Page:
This article is featured today in Helium‘s front page. I wrote about it a few months ago and forgot about it. Getting fired is never fun, even when it’s in a bad job situation, but it is fair game for material. It was approximately one year and a week ago when I was hired in that awful job with that awful boss, and I’ll have to see you next Tuesday if you want my opinion on her. It was my first and only time working in an office environment. I’m allergic to cubicles, among many things, as a result.
I have only been fired from one job in my life. It was my first time working in an office environment and I was not apparently a good fit. I went from teaching to running a mail room and a lot of mistakes were made. I tried to take it in stride as I was new to the job and the stress and the mistakes were a part of it. I went through a 90 day probation period and still had my job. However, my employer was not happy. There were a few signs, especially right towards the very end.
1. Delegation of responsibilities to others. Some of my responsibilities were taken away at an early stage and given to my boss’s administrative assistant. This occurred during the 90 day probation period, so I didn’t think much of it. However, this was definitely the first sign of doubt my employer had in me.
2. Someone screaming for termination. I had to make a rush order to the printer for an event. After the printing, it needed to be mailed out by a certain deadline by an outsourced mail house, which it wasn’t. The person in charge of the event was not happy with me at all and yelled at my boss to fire me. While they did not fire me at that moment, the incident certainly lingered in the mind of my boss and reinforced earlier doubts.
3. Management withholding resources. The company recently moved to another office, where new resources were needed. A security system for doors at the office’s entrance was installed, and a coded key to be scanned at the doors was required. The accountant, who was in charge of issuing the keys, refused to issue me one, saying “There are going to be some changes and some people are going to be fired.” While my name wasn’t mentioned and he even said “It’s not a reflection on you,” his roundabout phrasing indicated I was going to get fired.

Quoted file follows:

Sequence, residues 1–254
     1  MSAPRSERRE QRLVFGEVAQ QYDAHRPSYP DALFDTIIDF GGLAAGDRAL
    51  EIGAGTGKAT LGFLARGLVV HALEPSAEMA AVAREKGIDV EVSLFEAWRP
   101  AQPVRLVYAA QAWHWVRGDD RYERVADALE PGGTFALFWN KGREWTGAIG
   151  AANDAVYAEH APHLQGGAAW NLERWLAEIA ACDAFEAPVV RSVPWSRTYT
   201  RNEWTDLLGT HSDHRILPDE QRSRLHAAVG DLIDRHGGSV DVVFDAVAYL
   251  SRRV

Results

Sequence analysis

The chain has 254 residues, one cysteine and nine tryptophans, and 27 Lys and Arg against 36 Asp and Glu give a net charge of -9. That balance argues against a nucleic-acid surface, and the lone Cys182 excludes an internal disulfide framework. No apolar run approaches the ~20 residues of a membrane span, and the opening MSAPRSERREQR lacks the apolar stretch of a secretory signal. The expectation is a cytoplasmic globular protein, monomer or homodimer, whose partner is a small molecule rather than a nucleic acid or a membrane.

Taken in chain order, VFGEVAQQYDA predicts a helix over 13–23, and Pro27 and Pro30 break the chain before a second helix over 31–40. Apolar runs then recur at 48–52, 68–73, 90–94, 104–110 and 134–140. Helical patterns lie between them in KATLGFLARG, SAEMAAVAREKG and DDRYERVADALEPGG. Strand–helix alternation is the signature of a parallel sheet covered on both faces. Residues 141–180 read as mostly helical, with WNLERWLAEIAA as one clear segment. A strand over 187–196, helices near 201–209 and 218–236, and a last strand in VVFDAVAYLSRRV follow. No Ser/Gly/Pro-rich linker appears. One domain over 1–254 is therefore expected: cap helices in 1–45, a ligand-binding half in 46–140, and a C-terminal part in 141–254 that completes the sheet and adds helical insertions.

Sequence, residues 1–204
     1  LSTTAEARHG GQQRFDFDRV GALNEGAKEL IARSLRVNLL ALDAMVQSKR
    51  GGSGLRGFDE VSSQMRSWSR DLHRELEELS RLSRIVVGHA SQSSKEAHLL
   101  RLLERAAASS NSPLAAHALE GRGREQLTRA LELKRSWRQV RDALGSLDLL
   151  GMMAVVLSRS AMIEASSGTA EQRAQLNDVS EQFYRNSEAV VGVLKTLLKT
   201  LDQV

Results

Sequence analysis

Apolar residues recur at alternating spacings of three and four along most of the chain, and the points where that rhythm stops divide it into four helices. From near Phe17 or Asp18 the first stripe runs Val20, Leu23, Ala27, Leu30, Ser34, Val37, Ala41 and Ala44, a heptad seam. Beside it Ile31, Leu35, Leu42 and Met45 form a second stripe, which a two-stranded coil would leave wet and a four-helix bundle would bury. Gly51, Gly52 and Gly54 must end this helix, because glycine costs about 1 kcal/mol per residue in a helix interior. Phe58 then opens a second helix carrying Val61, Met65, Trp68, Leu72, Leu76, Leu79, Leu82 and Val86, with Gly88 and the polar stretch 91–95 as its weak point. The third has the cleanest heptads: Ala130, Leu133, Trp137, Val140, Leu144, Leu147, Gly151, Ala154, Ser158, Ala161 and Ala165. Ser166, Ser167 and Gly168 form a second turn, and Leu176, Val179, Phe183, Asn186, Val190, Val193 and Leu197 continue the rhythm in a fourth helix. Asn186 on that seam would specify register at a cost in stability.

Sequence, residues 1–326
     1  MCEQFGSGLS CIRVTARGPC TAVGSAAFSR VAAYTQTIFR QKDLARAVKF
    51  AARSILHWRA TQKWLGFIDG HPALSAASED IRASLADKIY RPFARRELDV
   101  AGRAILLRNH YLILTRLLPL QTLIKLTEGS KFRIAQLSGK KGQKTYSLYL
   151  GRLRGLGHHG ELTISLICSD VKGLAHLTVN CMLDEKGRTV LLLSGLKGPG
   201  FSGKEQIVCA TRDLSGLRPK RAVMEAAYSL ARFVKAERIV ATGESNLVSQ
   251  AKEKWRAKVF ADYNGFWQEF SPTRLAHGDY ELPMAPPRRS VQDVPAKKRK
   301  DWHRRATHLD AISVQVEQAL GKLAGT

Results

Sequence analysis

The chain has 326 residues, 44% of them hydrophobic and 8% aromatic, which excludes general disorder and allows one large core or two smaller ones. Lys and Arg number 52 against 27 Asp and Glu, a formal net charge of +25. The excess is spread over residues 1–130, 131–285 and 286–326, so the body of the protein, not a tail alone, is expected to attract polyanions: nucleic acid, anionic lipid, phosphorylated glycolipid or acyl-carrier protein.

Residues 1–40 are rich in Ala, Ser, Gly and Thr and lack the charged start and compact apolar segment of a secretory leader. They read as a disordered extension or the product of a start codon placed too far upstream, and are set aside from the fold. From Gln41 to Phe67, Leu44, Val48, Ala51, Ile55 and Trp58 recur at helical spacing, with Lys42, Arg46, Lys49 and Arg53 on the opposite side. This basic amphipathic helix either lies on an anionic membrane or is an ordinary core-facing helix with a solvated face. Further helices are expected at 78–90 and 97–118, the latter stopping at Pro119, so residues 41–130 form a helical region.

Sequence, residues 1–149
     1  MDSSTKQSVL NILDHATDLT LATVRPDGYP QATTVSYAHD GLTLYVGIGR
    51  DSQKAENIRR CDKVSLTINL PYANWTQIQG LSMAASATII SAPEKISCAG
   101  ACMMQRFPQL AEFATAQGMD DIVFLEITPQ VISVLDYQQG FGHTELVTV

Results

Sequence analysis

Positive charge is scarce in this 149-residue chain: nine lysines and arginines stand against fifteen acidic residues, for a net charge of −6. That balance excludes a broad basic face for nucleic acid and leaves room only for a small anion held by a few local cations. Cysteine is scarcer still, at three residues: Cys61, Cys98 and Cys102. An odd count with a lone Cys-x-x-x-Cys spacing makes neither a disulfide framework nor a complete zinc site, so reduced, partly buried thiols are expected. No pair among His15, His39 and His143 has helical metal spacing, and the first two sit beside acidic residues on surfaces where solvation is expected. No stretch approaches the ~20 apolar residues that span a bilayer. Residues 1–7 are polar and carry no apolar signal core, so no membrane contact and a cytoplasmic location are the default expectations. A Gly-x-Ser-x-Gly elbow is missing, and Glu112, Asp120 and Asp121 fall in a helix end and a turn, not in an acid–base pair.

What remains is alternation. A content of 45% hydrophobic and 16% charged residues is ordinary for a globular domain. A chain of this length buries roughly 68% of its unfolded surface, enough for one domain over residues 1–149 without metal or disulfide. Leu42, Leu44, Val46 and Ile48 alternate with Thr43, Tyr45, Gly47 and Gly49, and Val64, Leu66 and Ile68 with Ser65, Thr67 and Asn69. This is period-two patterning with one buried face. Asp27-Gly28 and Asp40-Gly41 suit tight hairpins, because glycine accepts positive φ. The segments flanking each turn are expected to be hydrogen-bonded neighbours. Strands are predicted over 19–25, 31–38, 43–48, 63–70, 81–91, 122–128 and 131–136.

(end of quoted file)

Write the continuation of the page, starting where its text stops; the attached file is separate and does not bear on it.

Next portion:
4. Being isolated by others. The receptionist was one of the most popular people at the office. Whenever a co-worker was facing termination, the receptionist was instructed to keep her distance. I became good friends with her while working at the office, but a month before I was fired, I was instructed to keep my distance from her. A roundabout reason was given that didn’t seem to fit. However, I did feel very isolated from her and the people that now formed her clique.
5. Micromanagement. When I received an e-mail from my boss asking that I send her weekly reports, I knew I was in trouble. I was never required to keep a log detailing weekly activities before and the only logs I turned in before were those that recorded mailings. My boss’s request for a weekly report indicated I was being watched. At first, she said she needed it because she was out of the office a lot, but she bluntly told me some time later she did not know what I did with my time.
6. Unexplained changes in management’s behavior. At one point, I made a mistake in photocopying a document to be mailed out, resulting in a few thousand that could not be mailed out. My boss was furious and yelled at me without inviting me to close her office door when meeting with her. She was openly hostile. The next time I reported to work, she was extremely nice to me leading up to my firing two weeks later. Essentially, management had to cover their tracks and avoid a hostile firing.
7. Unofficial warning. A few of the other signs were in place when this occurred. However, this is one that hit me over the head. The accountant, a member of the management team, pulled me aside on day and issued me an unofficial warning that “some people” were not happy with me and wanted me fired. While he was not my direct supervisor, he essentially gave me an informal performance review, which was not good. I tried to improve my job performance; however, I knew I had to shop my resume out.
8. Changing of the locks. In my case, it was the locks on my cubicle file drawers and cabinets. I saw a new lock on my desk on termination day. While this should have been obvious, this went over my head until I was fired later in the day.
These warning signs are some of the things I observed before getting canned. You may experience some of these same things, or you may have a slightly different experience.
If you’re able to get another job lined up whenever the proverbial handwriting is on the wall, do it. Jumping ship before you get fired saves you from telling your new employer why you got fired. Unemployment takes a while to process, so the new job also saves you from this hassle. Work the resume. Use all the sites and resources you can within the time you have. Don’t just quit unless you have another job to go to.
Kevin Spacey’s character in American Beauty tells off management and wittily coerces them into giving him a nice severance package, but remember this is a fantasy scenario in a movie. If you are in a meeting about your firing, handle yourself in a civil manner and ask about what kind of reference they are going to give you. Severance may be in the discussion, though that is something you would want to take to an attorney.
Read the “handwriting,” so to speak. The time you’re getting clues about getting the axe is a good time to evaluate if this is the job you want. You may have taken the job, not because it’s your passion, but for the pay. Look into what you want to do and go after it. Getting fired has a way of making people examine their career choices; however, the examination should occur earlier.